Connecting Credentials Framework

Students, advisors and their future employers face an extraordinary challenge: In a relative vacuum, they must make decisions about the credentials to pursue and recommend—decisions that can determine the ability to transition from school to employment, to advance in career and life, and to find the right talent for the job. The stakes are high. Yet the competencies students might develop through each degree, certificate, license or badge are difficult to discern, and even more difficult to organize into a coherent, successful development path.

In a rapidly evolving world, competencies are currency—powering the success of students and employers alike. If we distill diverse credentials down to the
universally recognized competencies they support and workforce demands they meet, we empower people, commerce and communities in important new ways.

That’s what the beta Connecting Credentials Framework is all about. It identifies the competencies underpinning credentials, educational programs and work, establishing common language and delineating levels of proficiency to describe what people who have mastered these competencies know and are able to do.

Learn more about the genesis and testing of the Credentials Framework.

Getting Started

Use the Credentials Framework process to profile existing credentials – or to guide the development of new credentials. Here’s how:




The Framework provides a rubric with which to assess the level of knowledge and skills found in competencies. Use it as a reference guide when filling out your profile template. Find step-by-step instructions and tools in the Guidebook.

Download Complete Toolset




Start by listing the competencies being profiled. Referring to the Framework rubric, select the level of knowledge (1 – 8) that best describes each competency, and note it in the template. Repeat this process for each skill column (specialized, personal, and social).

Complete a separate profile for each item (credential, program, or job description) you want to compare.




Once completed, your profile enables “apples to apples” comparison with other credentials. Analyze your results to identify patterns, expose gaps and uncover opportunities—then determine the necessary strategies to help you meet your goals.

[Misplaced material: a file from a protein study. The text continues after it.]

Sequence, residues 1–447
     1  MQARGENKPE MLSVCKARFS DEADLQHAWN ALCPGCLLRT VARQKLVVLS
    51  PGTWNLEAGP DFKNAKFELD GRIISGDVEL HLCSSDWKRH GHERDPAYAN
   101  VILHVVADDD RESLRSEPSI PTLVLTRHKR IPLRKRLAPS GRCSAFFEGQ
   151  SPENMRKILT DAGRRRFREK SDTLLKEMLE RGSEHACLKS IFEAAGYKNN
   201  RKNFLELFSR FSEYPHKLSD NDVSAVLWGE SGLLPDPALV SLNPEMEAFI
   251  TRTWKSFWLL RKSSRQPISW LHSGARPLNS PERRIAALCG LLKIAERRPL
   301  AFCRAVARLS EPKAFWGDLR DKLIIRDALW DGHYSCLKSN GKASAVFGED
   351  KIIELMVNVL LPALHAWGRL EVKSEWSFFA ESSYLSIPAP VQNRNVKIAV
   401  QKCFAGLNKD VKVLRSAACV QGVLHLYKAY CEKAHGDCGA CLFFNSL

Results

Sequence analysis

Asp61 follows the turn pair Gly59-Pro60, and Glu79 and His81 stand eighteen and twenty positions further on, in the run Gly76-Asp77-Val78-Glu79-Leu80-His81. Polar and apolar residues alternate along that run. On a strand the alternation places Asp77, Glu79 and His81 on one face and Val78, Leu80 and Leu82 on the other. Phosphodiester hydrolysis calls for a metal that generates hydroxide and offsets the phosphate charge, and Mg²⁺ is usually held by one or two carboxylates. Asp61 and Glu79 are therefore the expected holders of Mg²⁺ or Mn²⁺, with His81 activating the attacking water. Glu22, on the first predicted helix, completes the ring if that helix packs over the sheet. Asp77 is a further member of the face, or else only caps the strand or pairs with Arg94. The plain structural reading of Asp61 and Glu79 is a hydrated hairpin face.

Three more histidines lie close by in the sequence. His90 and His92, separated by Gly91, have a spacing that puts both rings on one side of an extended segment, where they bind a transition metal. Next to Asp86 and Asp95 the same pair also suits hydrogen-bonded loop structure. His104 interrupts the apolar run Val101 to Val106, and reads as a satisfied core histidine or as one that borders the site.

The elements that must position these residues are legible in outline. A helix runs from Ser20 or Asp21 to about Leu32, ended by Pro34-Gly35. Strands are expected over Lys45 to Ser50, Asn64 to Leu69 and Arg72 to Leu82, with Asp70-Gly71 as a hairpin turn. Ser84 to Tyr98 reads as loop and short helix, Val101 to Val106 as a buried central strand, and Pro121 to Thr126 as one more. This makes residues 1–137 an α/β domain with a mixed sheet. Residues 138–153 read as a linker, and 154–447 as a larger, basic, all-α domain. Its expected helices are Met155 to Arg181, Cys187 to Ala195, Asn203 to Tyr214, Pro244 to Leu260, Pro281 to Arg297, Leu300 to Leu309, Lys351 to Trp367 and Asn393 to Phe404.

We’d love your feedback! If you’ve used the beta Connecting Credentials Framework, please take a moment to complete our brief survey.

Applying the Profile

The Credentials Framework process can be applied to instructional modules, courses, or entire educational/training programs to provide valuable insights to educators and employers.

Use your completed profile to…

  • Compare competencies across courses and programs
  • Improve alignment of educational programs to industry credentials
  • Improve alignment of educational programs to job market needs
  • Assess and award credit for work-based learning (prior learning)
  • Create and map stackable credentials
  • Align educational programs within regions and within states
  • Develop pathway strategies to produce talent pipelines
  • Make explicit employability skills found in courses and programs
  • Create competency-based talent management systems
Impact In Action

Higher education teams, professional associations and credential developers are already using the Credentials Framework Beta test to improve clarity and parity across the complex credentials landscape. See representative examples below, or read on for additional inspiration.

Creating a New Path to Certification in Childhood Development

Columbus State Community College (CSCC) saw an opportunity to help those entering the Early Childhood Development field successfully secure Childhood Development Association (CDA) certification. CDA certification has been mandated in many states, including Ohio.

The college used the Framework to align program competencies and create a path for those practicing in the field to secure the certification and receive credit toward a degree. CSCC has secured a completion scholarship from AT&T for those who completed the certification and enter into the Early Childhood Development Education program.

The project was so successful that the City of Columbus awarded the college $300K for implementation.

Finding and Developing Retail Talent

Hope Street Group Project recognized that for small and medium-sized retail businesses, securing and retaining quality employees is a challenge. The Beta Connecting Credentials Framework was used to develop an easy way for these businesses to explore and adopt a competency-based Talent Management System.

This system can be used to help retailers hire the right people for the right job, help improve employee performance and help employees understand what skills are needed to progress in a retail career. The system is flexible and adaptable so the specific talent needs of the business can be addressed.

Verifying an Investment in Workforce Development

Mississippi Gulf Coast Community College (MGCCC) has had a long-standing and continually growing involvement in the Workforce Investment Opportunity Act (WIOA) system in their district and state.

The college was approached by the state’s Workforce Investment Board to help with the verification of the state’s “Smart Start” curriculum and credential.

MGCCC used the Beta Connecting Credentials Framework to profile the credential for the State of Mississippi.

Lumina Logo
CSW Logo